Design for All - The Need for Legislation
Comments by Cynthia D. Waddell, JD
International Center for Disability Resources on the Internet
Ciber Accessibility Center of Excellence
Madame Clotuche, representatives of the European Commission and the European Disability Forum, Members of the European Parliament, and participants in the disability rights movement -
It is indeed a pleasure to be here today to participate in this Roundtable. It is exciting to be in Brussels to celebrate with you European Day of Disabled People. Recently in the U.S. we celebrated the tenth anniversary of the passage of that landmark civil rights legislation, the Americans with Disabilities Act (ADA). When former President Bush signed the ADA it marked a watershed moment: now persons with disabilities would have access to facilities, programs, services and employment just like any other person. A new era of opportunities for all has truly begun, but all things did not magically change with the stroke of the President’s pen.
The past ten years have been a time of hard work to ensure that the ADA would be implemented in full - educating, lobbying, dialoging and cooperating with members of the disability community, government and businesses. You see, legislation does not mean that the work is done and now we can stand still - once the legislation is in place, then the real work begins!
The most important principle of the ADA is that in order for the quality of life to be improved, implementation requires that the community of people with disabilities be consulted. One of the first significant impacts was the establishment of a building code that specifies the accessible elements for designing buildings, public pathways and car parks. Members of the construction industry, building code societies and disability organizations came to the table to draft this important regulation after the ADA was enacted. I recall that at that time it frequently did not occur to people as to why there were no people with mobility disabilities in inaccessible buildings. People would say, “Why should we remove barriers in construction? I don’t see anyone needing access!” And the same comments were heard in regards to transportation. I frankly do not understand why some thought that people with disabilities would not need to enter buildings or use transportation.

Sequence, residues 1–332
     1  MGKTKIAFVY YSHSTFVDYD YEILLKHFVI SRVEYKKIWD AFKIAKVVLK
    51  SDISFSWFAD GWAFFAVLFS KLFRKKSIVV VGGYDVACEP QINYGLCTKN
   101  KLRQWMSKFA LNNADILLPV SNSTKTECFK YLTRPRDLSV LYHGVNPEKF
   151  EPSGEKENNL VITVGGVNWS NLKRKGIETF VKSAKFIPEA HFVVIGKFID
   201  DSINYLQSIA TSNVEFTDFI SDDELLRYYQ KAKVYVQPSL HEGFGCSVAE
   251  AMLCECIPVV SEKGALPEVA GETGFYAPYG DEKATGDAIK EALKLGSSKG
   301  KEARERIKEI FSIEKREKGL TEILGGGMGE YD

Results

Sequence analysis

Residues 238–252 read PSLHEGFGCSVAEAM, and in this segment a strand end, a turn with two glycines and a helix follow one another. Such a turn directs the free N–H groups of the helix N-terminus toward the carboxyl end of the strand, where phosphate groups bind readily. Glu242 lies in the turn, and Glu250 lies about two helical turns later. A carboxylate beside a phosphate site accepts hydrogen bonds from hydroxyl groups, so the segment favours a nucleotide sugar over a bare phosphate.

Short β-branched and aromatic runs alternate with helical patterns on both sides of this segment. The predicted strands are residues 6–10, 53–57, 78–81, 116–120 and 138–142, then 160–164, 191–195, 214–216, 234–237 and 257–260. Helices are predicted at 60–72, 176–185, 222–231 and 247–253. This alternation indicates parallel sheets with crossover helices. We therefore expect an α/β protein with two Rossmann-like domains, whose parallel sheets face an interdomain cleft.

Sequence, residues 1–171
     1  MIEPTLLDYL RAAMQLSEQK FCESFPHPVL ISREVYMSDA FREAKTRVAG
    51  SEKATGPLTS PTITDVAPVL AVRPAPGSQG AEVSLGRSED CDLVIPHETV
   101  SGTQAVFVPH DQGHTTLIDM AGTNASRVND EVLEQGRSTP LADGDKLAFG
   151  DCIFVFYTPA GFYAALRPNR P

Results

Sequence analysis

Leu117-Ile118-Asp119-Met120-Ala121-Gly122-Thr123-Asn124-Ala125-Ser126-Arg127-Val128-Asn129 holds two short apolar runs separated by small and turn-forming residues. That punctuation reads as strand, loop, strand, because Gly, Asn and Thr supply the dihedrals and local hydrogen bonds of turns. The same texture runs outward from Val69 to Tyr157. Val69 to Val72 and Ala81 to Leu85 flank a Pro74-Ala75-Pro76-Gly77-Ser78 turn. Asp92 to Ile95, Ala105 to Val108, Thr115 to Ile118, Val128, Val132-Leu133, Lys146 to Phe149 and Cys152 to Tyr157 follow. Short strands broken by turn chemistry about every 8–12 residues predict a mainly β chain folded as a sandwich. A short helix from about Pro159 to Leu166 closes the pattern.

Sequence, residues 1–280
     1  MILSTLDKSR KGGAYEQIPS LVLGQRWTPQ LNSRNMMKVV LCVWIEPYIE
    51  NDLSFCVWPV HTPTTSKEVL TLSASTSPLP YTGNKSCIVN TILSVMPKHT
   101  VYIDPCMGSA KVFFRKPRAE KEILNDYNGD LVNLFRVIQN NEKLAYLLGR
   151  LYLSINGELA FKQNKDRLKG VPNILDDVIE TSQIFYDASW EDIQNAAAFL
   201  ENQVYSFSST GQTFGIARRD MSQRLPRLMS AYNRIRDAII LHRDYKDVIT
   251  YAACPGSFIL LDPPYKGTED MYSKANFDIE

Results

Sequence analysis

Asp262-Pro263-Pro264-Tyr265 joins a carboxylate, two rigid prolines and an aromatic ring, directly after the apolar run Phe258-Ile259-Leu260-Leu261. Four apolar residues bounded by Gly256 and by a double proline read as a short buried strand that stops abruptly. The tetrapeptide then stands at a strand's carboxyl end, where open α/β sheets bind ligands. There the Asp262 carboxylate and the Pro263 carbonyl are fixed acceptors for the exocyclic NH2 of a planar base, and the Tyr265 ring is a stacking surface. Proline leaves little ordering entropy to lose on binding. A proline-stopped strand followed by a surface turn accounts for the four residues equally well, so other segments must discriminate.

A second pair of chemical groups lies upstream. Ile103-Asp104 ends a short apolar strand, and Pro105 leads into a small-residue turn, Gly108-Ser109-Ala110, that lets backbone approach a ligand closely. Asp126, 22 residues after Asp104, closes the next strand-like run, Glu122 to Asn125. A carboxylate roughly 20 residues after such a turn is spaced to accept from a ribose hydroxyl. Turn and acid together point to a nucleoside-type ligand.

Another significant impact of the ADA has been the use of technology in the workplace. Technology has enabled people with disabilities to demonstrate their ability to perform the job -leading many to become independent and self-reliant. Wonderful technologies emerged to enable the blind community to use robust word processing programs without the aid of a personal reader and to surf the World Wide Web. The deaf community could now telephone the hearing community and access television and videotapes through captioning. Text to speech technologies became available to people with mobility disabilities and the examples go on and on.
I believe the ADA opened the door to understanding that the benefits of universal design extended beyond the community of people with disabilities. In fact, a fundamental shift in the design of information technology occurred. Functionality and its benefits once restricted to assistive computer technology began to be mainstreamed to the general public.
But as technology advanced, we began to see persons with disabilities being bumped out of their jobs in the workplace due to “upgrades” in computer systems. Or software compatibility and interoperability problems began to undermine the very assistive technology that people with disabilities were using to perform their job.